How Clark Wilson Group and ®
The Task Cycle
In 1973, Clark Wilson, Ph.D., developed the first 360 feedback survey instruments for management development. The first instrument was the Survey of Management Practices™ (SMP) and it has been used and studied since 1973.
The Survey of Management Practices was developed as a teaching tool for Dr. Wilson's management class at the University of Bridgeport (Connecticut) Graduate School of Business. With the SMP, Wilson introduced two important ideas.
First, was the concept of multilevel feedback. Managers, he believed, could learn by receiving feedback about their management skills from others. This technique had been used for many years in psychological assessment, but it had not yet been applied to the training of managers.
Second, Wilson used the concept of sequence. Viewed in a logical sequential pattern, he theorized, management skills can be learned like any other skill. Although we are accustomed to this approach today, it was new thinking at the time.
The real breakthrough occurred when Wilson discovered there was a mathematical basis for the learning sequence he designed. In other words, when a manager or executive practiced the key management skills in sequence, the manager's measureable effectiveness is enhanced.
At first, Wilson had his management students complete the SMP on themselves or their supervisors. As more students and their peers and supervisors were exposed to the SMP, it made its way into industry. The DuPont Company was the first corporation to adopt the SMP in 1973. What the company found most effective was that the SMP focused on specific, observable behaviors as opposed to broad evaluative statements. By the mid-1970s more companies, including Dow Chemical, Pitney Bowes and several utilities were using the instrument and contributing data to the norm database. Meanwhile, consultants around the country became interested in using the SMP in their practices as well. With wider use and accumulated data, Dr. Wilson produced updated editions and further developed the Task Cycle® model. Because of their foundation in theory and research, and their initial use in the graduate classroom, Clark Wilson instruments are not only used as assessment instruments, they are also used as teaching tools. Clients requested additional instruments to address other roles in the organization and found the operational logic of the Task Cycle® to be a powerful teaching model for many organizational activities.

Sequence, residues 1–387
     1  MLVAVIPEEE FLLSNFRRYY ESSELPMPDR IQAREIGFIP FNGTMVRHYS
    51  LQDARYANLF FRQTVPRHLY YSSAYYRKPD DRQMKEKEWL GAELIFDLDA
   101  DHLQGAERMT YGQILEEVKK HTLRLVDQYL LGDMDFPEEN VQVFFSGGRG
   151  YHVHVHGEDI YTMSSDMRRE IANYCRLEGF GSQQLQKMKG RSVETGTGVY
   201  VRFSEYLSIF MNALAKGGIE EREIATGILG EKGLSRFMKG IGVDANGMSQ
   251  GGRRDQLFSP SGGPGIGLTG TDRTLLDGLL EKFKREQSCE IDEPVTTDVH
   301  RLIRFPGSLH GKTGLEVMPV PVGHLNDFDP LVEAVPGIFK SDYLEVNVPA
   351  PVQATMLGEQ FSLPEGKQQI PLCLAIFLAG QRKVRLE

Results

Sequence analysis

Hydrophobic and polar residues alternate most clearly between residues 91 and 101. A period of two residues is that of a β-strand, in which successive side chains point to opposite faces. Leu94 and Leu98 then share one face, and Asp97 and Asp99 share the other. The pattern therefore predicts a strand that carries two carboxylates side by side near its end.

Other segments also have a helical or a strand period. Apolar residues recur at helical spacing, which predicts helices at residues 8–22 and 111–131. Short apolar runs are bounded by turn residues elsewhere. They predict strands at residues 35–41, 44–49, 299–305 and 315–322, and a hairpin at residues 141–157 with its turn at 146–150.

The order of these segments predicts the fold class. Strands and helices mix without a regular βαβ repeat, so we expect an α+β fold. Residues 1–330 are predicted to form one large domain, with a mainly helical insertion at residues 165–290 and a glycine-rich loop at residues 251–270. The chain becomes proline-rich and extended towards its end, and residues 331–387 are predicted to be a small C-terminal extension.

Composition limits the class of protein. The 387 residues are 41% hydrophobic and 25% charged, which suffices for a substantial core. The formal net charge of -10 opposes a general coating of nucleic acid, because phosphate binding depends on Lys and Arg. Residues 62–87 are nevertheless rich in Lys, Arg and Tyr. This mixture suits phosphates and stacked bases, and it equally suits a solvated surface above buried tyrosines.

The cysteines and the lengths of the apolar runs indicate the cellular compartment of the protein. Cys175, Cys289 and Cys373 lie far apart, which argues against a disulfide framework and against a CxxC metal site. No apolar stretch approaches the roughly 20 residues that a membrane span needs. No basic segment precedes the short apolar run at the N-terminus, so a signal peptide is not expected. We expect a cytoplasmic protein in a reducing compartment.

Today, the SMP norm base contains more than 2 million surveys. It offers a six-step, sequenced approach to improved management and leadership skills. SMP's success in facilitating skill development led Dr. Wilson to create other surveys. All of them use an approach derived from learning theory that Dr. Wilson called the Task Cycle®.